The winner of this year’s Palme D’Or is a frank but absorbing study of a young girl’s sexual awakening.
Running close to three hours of screen time this is an epic of the heart and disarmingly in-depth depiction of falling in love.
When we first meet the protagonist, Adele (Adele Exarchopoulos) she is a 15-year old girl about to begin her first serious relationship with a classmate Thomas (Jeremie Laheurte).
However, a chance encounter with an older blue-haired woman named Emma (Lea Seydoux), leads her to question her emotions and feelings towards her own sex.
But this is just the beginning of the long journey which director Abdellatif Kechiche takes us on, as emotionally charged highs are gradually mixed in with heartbreaking lows.
Despite taking place over a number of years – I would roughly estimate around six – Kechiche cleverly uses the narrative, so key episodes gradually fade into another.
These segments could almost be short films in themselves: an early encounter at a lesbian bar; a tender scene in the park; and two awkward dinner parties are just some of the memorable scenes as Emma and Adele fall in love.
This is all depicted with remarkable authenticity, with the telling silences providing a neat counterpoint to the natural, flowing conversations.
The intensity of the film is heightened by the decision to mostly shoot in widescreen closeups, with cinematographer Sofian El Fani capturing the emotions and actions with piercing clarity.
Even in exterior environments, which are relatively rare in the film, the focus is on the characters, especially Adele.
This depiction intimacy spills over into the explicit sex scenes, which have attracted a lot of media attention since the premiere in Cannes.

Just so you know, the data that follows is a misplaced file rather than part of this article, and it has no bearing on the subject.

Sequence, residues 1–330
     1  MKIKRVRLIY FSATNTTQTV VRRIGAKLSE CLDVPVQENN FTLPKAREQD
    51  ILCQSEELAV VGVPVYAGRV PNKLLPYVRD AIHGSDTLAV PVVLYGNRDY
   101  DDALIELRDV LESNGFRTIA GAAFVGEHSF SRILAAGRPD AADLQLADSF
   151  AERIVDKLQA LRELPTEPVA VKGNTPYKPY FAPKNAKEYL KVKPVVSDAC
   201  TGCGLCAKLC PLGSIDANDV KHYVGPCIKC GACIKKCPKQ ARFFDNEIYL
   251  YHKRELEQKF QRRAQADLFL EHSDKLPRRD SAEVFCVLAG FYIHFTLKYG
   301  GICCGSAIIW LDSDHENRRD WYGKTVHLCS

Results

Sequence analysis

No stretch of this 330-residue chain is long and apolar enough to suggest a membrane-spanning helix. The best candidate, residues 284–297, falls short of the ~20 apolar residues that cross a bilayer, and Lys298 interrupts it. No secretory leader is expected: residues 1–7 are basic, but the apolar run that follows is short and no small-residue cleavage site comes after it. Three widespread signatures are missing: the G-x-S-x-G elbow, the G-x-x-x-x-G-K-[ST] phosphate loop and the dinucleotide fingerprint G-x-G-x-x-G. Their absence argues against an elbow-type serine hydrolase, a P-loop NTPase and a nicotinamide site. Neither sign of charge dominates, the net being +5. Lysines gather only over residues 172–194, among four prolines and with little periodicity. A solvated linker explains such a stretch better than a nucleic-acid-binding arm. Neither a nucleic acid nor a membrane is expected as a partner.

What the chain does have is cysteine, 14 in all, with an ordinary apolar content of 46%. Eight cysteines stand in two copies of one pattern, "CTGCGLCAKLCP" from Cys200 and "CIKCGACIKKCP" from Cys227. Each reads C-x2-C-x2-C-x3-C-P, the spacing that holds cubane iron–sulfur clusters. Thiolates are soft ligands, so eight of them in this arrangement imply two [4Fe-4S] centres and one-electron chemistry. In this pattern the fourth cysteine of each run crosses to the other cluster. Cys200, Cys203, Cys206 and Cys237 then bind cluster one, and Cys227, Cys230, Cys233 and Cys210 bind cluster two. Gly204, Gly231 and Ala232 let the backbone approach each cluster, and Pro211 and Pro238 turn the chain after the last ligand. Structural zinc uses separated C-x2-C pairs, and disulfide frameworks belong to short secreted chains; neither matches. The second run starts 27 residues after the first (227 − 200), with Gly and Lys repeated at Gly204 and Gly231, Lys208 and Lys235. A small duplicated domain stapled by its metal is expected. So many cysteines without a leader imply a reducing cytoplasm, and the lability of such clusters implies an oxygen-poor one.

In truth there isn’t a great deal to discuss other than the fact that they are more brightly lit and longer than most movie sex scenes.
The fact that three scenes has coloured discussion of this film for several months perhaps says more about certain journalists than it does about what is on screen.
Whilst the bravery of the two actresses should be noted, it as part of a much wider story, with many tones and textures.
Just as notable is the film’s embrace of the complexities of sexuality and human relationships, with both characters behaving in believably erratic and confused ways.
The themes of commitment, trust and social anxiety are all explored as the film progresses, and it says much about the skill of writer-director Kechiche that none of it ever descends into cliche or pat conclusions.
He is aided by two outstanding lead performances from Exarchopoulos and Seydoux, with the former taking the greater share of screen time.
Displaying a remarkable assurance in front of the camera, she not only has a natural screen presence but manages to convey emotion with the slightest of moves and expression.
Given that nature of how this film was shot – in searching, close-up compositions – it is a testament to their acting that the audience may feel like they’ve been in a relationship with the pair.
A rich, draining and highly accomplished drama.
Blue is the Warmest Colour screened at the London Film Festival on October 14 and 17th. (It opens in the UK on November 25th)